WASHINGTON: U.S. industrial output unexpectedly plunged 0.5% in January as a big drop in manufacturing, particularly vehicles and parts, more than offset a rebound in utilities, a government report said on 15 February.
“Output in the manufacturing sector declined 0.7 % in January; about one-half of the decrease was a result of a drop of 6% in motor vehicles and parts,” the Federal Reserve said in its monthly report.This was the biggest drop in overall output in more than five quarters, or since a 1.6 % decline in September 2005.
Economists had predicted factory output would be weak for a few months as manufacturers trimmed inventories. But the report may signal more weakness in the industrial sector than previously thought. A deeper downturn in manufacturing could foreshadow unexpected weakness in the broader economy, analysts warned.
“Industrial production and data of the past few sessions present a softer economic environment. The economy has done a 180-degree turn here,” said Richard Yamarone, chief economist at Argus Research in New York.
Most other broad industry categories showed weakness in January, on top of the big slump in autos, the Fed’s data showed. For example, business equipment output was down 1.6 % and construction declined 1.0%.Machinery production plunged 4.1 % last month.
U.S. Treasury debt prices extended their gains on the production data, which suggested more moderation in future economic growth. Ten-year Treasury notes were quoted up 10/32 on the day to yield 4.70%. Bond prices and yields move in opposite directions.The drop in production pushed capacity use of factories, mines and utilities down to 81.2 %, its lowest level in nearly a year.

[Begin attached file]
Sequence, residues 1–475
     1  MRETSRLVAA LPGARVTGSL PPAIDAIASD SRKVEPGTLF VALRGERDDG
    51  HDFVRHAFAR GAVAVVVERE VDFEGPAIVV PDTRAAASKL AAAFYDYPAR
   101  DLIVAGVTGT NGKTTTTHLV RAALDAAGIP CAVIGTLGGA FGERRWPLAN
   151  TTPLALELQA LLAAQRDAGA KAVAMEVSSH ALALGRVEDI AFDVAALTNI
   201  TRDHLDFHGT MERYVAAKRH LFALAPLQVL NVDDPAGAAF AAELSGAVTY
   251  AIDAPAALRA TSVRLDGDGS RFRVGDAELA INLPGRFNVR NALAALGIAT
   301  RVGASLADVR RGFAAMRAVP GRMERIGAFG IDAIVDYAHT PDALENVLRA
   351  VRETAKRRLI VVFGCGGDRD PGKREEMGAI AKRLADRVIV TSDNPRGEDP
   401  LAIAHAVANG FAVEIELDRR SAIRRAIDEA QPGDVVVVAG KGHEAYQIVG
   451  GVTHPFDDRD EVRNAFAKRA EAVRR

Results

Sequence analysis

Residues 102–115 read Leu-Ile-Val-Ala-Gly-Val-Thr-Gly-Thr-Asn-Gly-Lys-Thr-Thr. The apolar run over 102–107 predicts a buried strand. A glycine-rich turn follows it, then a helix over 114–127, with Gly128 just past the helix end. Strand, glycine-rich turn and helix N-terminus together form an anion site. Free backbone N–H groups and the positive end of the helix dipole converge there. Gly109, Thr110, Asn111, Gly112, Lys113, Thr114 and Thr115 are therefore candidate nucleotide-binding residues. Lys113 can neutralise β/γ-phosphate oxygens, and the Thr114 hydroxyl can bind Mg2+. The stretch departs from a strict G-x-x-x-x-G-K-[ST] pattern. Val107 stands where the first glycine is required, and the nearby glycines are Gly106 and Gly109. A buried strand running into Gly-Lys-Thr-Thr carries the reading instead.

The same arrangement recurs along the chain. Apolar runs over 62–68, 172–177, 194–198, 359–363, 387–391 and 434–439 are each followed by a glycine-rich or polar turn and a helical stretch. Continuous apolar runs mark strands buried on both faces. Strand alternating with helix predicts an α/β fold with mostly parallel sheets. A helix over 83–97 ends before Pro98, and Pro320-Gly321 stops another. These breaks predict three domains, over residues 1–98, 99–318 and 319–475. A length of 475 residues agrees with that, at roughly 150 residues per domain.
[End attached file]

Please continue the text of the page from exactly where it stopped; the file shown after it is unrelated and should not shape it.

Analysts polled by Reuters had predicted industrial output would be flat in January as manufacturers worked down inventories. They also predicted a smaller decline in capacity use to 81.7% from an unrevised 81.8 % the prior Month.
“We have to remember that besides housing the other sector of the economy that has been very weak is the manufacturing sector,” said Josh Stiles, bond strategist at Ideaglobal in New York.Utility output grew 2.3 % in January as temperatures returned to more normal levels, the Fed noted, after a 2.7 % drop in December.
Mining output fell 1.2 % after a 1.4% increase the prior month, while machinery production plunged 4.1%.Compared to a year ago, overall industrial output was up just 2.6%. Notably, utility output was up 10.1 % from the same time last year.